Woody was coming directly to my tree! I was able to grab my bow and get into position. I needed to let him work past me for a quartering-away shot. I was concentrating right behind his shoulder, trying not to look at his rack. But just as I was getting ready to draw, Woody changed direction. He made a 90-degree turn (putting him broadside) and started up a bank where I had no shot. I knew I had to stop him instantly, so I decided to bleat at him, knowing I had a 50/50 chance of him spooking. I drew as quickly as I could and gave him the hail mary of all bleats. 

Just like in our last confrontation; Woody froze and looked directly up at me! This time, I was already at full draw. I put my 30-yard pin on him, and I took the shot. Woody barreled through the brush. I tried my best not to let my emotions overcome me. The orange glow of my knock was the only thing I could make out as he bolted away. I just sat there in my climber trying to process what had just happened. 

I frantically tried to call/text my husband, TJ, and my dad, who were also hunting that morning. The cell service is horrible where I hunt. After a few attempts, I was able to reach my mom, so she was first to receive the news. Word finally made its way, and we all decided to meet up at my dad’s cabin. I wanted to give Woody plenty of time before we tracked him.

I worked my way down the tree. Concerned with my shot, I wanted to check for blood before I headed out. Relieved, I found blood where the shot took place. I knew it was a good sign, but I didn’t want to get my hopes up. Just as I turned to head out, I happened to catch a glimpse of something up the hollow. I fumbled to get my binos, and that’s when I lost it! I was looking at white belly. Woody had fallen just 80 yards from my stand!

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Potential World Record Realized

A Potential World Record is Realized

The walk to Woody was a moment I’ll never forget. Just as my first encounter had unfolded, here I stood, face-to-face with the buck of my lifetime. Humbled, I fell to my knees alongside him. I screamed, I cried and I thanked God. It was truly a bittersweet moment knowing the hunt for Woody had finally come to an end. I couldn’t wait to get back to the cabin. For once, I wouldn’t be dragging my dad and TJ into the assumed track job. This time it was just a recovery! With their help, we got Woody to my parents’ house. Most of my family was there for the celebration. After a quick photo shoot, we all jotted down guesses to his score on a scrap piece of paper. With deductions, I figured him to net in the 180s. I had told myself if I ever actually shot Woody, a full-body mount would be the best way to honor him. The morning concluded with a trip to the taxidermist (special thanks to the Yurco Family).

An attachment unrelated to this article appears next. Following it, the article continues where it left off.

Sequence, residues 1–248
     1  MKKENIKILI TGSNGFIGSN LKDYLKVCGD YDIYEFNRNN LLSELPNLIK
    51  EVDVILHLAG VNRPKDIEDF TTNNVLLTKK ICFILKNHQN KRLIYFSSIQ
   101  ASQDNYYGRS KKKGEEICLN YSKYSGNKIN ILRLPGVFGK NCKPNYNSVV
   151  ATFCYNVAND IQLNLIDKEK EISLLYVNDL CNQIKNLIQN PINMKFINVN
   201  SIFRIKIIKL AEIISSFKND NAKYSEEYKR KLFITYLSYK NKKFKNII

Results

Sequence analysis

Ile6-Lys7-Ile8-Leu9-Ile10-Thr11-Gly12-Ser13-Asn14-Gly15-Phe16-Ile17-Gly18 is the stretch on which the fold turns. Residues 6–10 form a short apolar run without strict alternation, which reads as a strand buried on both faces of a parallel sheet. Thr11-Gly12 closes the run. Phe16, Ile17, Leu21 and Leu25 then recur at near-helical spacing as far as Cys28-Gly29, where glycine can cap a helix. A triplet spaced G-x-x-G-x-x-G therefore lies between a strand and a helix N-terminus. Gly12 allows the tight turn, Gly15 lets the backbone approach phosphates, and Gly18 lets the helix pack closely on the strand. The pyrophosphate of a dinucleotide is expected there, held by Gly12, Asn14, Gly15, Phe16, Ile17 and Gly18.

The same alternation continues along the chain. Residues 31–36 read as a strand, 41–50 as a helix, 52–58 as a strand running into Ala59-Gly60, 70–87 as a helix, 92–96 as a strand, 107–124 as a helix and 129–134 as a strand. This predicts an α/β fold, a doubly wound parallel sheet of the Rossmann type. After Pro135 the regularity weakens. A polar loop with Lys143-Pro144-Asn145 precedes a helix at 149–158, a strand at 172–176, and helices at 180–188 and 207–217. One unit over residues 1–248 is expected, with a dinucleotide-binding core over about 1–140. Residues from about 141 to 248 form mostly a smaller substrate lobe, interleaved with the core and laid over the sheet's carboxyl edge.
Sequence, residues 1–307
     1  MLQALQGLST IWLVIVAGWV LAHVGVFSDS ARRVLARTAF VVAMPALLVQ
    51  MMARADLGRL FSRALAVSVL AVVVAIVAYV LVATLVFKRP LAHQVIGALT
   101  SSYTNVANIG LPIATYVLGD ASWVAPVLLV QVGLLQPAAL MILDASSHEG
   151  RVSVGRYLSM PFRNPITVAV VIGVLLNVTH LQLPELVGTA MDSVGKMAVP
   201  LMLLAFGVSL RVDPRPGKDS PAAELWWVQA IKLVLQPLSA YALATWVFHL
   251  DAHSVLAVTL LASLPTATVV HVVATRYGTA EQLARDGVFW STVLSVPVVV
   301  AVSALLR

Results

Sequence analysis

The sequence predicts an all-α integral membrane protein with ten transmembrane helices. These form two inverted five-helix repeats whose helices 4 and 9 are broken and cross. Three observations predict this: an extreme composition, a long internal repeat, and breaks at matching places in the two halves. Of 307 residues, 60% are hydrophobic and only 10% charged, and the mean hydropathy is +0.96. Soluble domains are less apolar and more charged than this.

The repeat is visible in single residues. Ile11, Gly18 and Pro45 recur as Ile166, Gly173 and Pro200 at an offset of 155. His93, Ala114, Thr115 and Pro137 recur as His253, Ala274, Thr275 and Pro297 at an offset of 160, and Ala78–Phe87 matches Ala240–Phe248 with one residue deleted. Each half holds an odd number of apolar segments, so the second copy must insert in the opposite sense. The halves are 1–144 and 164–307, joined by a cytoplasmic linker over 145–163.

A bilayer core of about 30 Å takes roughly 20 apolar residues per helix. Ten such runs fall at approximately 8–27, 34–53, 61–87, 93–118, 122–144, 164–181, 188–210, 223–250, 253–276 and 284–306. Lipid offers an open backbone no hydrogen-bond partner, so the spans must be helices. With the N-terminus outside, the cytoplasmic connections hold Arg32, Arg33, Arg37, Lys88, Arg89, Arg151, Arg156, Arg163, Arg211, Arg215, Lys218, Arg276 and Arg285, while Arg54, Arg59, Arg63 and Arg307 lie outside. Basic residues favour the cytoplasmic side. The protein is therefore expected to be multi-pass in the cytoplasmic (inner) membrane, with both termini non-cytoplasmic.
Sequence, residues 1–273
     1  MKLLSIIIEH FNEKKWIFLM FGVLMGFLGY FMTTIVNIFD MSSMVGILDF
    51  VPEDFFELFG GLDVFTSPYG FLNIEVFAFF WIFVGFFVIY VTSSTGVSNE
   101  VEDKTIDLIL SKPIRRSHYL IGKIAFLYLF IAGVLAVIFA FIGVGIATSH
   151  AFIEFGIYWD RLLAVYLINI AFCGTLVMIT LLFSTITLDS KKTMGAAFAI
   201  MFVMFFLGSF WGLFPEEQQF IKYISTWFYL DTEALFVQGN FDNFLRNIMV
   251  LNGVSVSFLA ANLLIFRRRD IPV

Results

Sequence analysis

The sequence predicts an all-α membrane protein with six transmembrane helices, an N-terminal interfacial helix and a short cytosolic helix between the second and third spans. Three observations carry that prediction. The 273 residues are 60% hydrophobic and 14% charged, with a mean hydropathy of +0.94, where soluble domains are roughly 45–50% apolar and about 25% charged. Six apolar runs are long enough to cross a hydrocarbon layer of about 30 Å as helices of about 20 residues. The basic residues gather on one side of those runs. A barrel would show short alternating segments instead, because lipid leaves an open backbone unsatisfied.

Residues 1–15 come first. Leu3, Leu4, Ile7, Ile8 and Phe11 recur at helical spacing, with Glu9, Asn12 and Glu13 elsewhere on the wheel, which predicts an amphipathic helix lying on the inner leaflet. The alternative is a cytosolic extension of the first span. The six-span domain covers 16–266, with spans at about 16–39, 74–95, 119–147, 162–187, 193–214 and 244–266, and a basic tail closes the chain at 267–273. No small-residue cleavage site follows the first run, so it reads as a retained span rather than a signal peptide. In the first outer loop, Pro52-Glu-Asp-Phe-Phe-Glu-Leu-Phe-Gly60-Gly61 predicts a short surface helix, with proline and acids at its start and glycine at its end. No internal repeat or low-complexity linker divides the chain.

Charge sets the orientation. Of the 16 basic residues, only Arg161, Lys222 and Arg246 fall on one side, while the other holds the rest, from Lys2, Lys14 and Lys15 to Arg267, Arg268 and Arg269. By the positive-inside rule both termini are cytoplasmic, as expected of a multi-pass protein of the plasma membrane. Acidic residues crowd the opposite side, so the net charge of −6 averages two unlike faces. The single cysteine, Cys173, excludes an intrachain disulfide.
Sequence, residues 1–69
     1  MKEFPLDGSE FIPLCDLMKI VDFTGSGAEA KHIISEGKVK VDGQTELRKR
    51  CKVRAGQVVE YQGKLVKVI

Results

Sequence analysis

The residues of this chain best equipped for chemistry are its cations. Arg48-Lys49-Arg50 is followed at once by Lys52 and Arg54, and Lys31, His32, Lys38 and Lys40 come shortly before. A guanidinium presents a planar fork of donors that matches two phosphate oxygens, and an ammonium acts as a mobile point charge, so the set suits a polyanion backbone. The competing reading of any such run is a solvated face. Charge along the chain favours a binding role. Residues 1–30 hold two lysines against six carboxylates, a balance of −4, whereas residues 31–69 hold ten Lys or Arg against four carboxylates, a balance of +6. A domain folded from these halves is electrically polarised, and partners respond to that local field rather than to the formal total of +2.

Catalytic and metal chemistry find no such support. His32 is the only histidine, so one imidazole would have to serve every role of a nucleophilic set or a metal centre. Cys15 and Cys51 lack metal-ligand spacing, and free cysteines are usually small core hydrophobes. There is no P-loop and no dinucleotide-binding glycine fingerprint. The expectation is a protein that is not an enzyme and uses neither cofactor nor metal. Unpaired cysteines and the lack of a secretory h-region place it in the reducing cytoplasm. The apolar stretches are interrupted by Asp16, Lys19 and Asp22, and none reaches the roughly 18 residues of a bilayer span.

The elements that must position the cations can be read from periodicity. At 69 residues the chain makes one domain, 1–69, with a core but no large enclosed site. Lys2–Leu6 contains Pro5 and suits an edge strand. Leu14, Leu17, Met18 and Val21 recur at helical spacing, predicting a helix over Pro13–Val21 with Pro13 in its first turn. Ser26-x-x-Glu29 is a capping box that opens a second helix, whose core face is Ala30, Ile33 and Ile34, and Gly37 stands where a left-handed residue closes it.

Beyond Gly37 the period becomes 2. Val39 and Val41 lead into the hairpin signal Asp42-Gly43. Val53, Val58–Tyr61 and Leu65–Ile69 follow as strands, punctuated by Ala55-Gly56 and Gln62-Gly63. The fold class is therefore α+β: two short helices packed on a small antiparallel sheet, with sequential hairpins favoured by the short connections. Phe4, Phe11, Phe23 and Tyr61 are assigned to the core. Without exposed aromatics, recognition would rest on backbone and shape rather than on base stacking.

After the drying period, Woody was officially scored by Ryan Huffman. My husband, my dad, (along with his good friend Dwayne), and myself all sat huddled around Ryan as he ran the tape. We were all shocked when he announced the official score. With the abnormal point on the left antler, the rack has a gross score of 204 3/8, and his final Boone & Crockett net score is 191 typical. Woody falls within the all-time top rankings for typicals harvested in Ohio by male and female hunters. In addition, he is potentially the largest typical ever taken in the Buckeye State by a woman. 

I soon realized Woody’s accolades don’t end there. Incredibly, I’ve been informed that the entry score to the Pope & Young club has been accepted and is the highest typical score on record submitted by any female bowhunter. If the rack’s entry score is confirmed by a panel of Pope & Young measurers at the club’s next biennial convention, currently scheduled for April 2023, then he will in effect be the Women’s World Record typical white-tail by vertical bow. 

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Nicole and her father

Standings aside, the significance of this deer will never be topped for me. Woody was a true warrior that some-how survived to become a legend. My father and I experienced a ride that most hunters can only dream of. My dad would always tell me, “That’s what hunting is all about. One minute you’re just watching a squirrel, and the next minute a giant buck could be heading straight to your tree!” Pap, you were right! What an exciting privilege it was hunting Woody. For me, the true privilege was getting to share the journey with you.